For weeks now, the coronavirus pandemic has been the number one topic not just around kitchen tables, in the media and in politics, but also in the real estate industry, of course. Subject to particularly intense debate are the potential ramifications of the pandemic for the real estate market. While these are still hard to gauge at this time, the asset class of residential real estate is credited by many with a high degree of stability in times of crisis.
Felix von Saucken, Head of Residential at Colliers, called residential property a robust asset class and a safe haven that many investors are likely to favour in face of the stock market upheavals and the lower interest rate levels. “The greater the unease in the population, the stronger the demand is going to become as a result,” the Colliers expert believes. He added that, while there could by all means be vacancies, he was unaware of any price fluctuations or fire sales so far (source: www.colliers.de).
RICS Deutschland is also of the opinion that the asset class of residential property has little to fear compared to other real estate sub-markets. Especially for institutional investors, residential properties were said to be particularly interesting during times of crisis because of their comparatively secure rental income. Neither widespread collection losses from residential tenants nor an increase in vacancies are to be expected in Germany, according to the RICS experts (source: www.immobilienmanager.de).
Nico Rottke, a former professor at the European Business School (EBS) told the Immobilien Zeitung real estate trade paper that residential real estate is one of the “winners of the crisis in uncertain times” and that there is no risk the crisis could spill over into the residential asset class. Claus Michelsen of the DIW German Institute for Economic Research is convinced that residential real estate will continue to be seen as a safe investment, even if people are indulging in “price fantasies” at the moment (source: www.immobilien-zeitung.de).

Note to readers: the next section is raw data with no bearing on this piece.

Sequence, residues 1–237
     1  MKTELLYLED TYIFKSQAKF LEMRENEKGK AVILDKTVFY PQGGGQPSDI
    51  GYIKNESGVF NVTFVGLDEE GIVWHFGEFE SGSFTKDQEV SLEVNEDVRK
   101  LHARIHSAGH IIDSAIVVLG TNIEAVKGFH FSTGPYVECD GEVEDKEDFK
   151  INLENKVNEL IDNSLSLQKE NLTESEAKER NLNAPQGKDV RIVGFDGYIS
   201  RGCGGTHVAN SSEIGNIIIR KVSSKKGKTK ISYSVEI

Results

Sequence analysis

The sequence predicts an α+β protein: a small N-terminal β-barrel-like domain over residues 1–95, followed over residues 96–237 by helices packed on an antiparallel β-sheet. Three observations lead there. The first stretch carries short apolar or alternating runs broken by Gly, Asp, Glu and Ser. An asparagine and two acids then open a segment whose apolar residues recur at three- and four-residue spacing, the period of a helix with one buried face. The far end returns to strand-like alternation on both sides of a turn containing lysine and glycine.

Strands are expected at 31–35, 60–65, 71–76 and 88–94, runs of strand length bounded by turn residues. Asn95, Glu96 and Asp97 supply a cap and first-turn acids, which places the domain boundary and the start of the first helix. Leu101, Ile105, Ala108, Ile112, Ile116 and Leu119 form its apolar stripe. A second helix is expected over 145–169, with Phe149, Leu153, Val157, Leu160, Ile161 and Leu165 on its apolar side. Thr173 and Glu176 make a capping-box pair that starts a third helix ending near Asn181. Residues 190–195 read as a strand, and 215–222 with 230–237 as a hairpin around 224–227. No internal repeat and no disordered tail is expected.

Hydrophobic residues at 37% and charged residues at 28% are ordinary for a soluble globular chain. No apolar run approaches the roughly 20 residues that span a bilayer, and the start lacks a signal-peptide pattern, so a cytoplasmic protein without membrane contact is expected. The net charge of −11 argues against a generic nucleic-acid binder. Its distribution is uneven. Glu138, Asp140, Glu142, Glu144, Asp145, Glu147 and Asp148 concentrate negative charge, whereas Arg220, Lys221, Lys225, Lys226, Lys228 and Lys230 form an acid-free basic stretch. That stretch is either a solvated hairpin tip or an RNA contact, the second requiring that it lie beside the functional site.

However, some voices have struck a more sceptical note. Michael Voigtländer of the IW German Economic Institute in Cologne emphasised that the real estate market is shock-frozen, and that market players are trying to get their bearings. He added that the number of transactions and removals has noticeably declined. According to Voigtländer, the slowdown in incoming migration to the cities as well as the stagnation or possibly even decline in household incomes could cause rents to grow at a much slower pace.
Günter Vornholz of the EBZ Business School told the Handelsblatt business daily that the looming recession could also be felt on the residential property market because it would reduce the financial latitude among buyers and tenants. Karsten Jungk of Wüest Partner Deutschland expects the demand among buyers to decline this year – while seeing no sign that massive price drops are looming (source: www.handelsblatt.com).